Satori botnet successor targets Ethereum mining equipments, ZDNet

Updated: A variant of the botnet targets equipments to covertly substitute their wallet addresses.

By Charlie Osborne for Zero Day | January 17, 2018 — 12:28 GMT (04:28 PST) | Topic: Security

The Satori botnet has raised its head once again with an unusual target — equipments which mine the cryptocurrency Ethereum (ETH).

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Satori, a botnet which exploits a Huawei vulnerability and bug ter Realtek SDK-based devices to enslave PCs, wasgoed originally based on the legendary Mirai IoT botnet.

While Mirai secured millions of IoT devices by exploiting the use of default credentials, Satori wasgoed able to amass hundreds of thousands of devices purely through thesis two exploits.

Security teams rapidly responded to the threat and sinkholed the C&,C server te December last year, but it is possible this fresh variant is the creation of the same threat actor, due to similarities ter code and scanning capabilities.

Te a report published on Wednesday, Qihoo 360 Netlab researchers said that a variant of Satori has bot spotted te the wild which specializes te targeting vulnerable ETH mining equipments.

The latest variant, dubbed Satori.Coin.Robber, wasgoed very first spotted on 8 January and hosts the same exploits. However, a fresh capability added to this creation is the scanning of mining hosts — usually based on Microsoft Windows operating systems — through management port 3333.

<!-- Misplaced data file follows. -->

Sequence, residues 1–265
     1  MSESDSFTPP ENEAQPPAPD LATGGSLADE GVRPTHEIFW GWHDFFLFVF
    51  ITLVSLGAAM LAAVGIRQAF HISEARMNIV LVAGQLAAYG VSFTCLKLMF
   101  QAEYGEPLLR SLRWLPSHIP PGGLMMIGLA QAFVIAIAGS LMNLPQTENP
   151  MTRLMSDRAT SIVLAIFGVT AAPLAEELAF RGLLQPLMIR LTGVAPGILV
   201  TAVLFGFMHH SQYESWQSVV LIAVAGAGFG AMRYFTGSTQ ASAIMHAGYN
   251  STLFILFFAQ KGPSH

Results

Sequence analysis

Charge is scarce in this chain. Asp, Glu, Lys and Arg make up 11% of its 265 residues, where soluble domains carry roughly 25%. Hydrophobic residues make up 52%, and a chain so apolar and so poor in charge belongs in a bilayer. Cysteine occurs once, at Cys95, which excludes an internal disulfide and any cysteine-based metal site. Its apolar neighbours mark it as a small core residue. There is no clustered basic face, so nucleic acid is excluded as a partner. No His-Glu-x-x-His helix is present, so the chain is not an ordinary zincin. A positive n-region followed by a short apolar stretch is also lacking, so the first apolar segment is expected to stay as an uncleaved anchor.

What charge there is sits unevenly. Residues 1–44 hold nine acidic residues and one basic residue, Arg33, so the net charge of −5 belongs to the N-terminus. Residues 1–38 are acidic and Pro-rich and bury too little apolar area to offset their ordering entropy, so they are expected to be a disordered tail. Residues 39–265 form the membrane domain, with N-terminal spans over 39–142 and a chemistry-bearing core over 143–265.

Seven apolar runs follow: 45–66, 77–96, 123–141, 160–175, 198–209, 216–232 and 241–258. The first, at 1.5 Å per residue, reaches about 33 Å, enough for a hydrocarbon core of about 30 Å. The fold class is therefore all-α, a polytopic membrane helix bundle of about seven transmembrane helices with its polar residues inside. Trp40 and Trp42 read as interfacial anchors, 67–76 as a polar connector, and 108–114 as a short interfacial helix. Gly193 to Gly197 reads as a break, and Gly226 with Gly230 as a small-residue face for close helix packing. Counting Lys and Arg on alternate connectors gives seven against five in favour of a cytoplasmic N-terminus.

The botnet searches for Claymore Miner software and “substitutes the wallet address on the hosts with its own wallet address,” according to the team.

Based on the payout pool connected to the botnet, the Satori variant is active and has a hashrate of 1309.06 MH/S.

The account has secured 0.9566 ETH ($837) te the past two days and has already paid out 1.010007 ter ETH ($884).

“It [the botnet] works primarily on the Claymore Mining equipment that permits management deeds on 3333 ports with no password authentication enabled (which is the default config),” the team says. ” Te order to prevent potential manhandle, wij will not discuss [ter] too much detail.”

When a mining equipment has bot successfully exploited, Satori.Coin.Robber issues three payloads. The very first is a package which gathers the mining state of the equipment, another substitutes the mining pool’s wallet address by updating the reboot.bat verkeersopstopping, and a third which reboots the host with the fresh address, leading to the theft of any ETH the victim mines.

Ter an interesting turn of events, an individual who has claimed responsibility for Coin Robber contacted Netlab, telling, “Satori dev here, don’t be alarmed about this bot it does not presently have any malicious packeting purposes budge along.”

Whether or not this is to be believed is up for debate.

Overheen the Christmas season, an unknown threat actor released the working code for the router exploit used by the Satori botnet. Researchers predicted the release of the code for free online would result te copy-paste botnets, and this prophesy seems to have come to pass.

Users of the Claymore mining software should make sure they are using the latest version of the software to keep their mined cryptocurrency safe.

Update 14.45GMT: Updated for extra clarity. ZDNet has reached out to Netlab with extra questions and will update if wij hear back.

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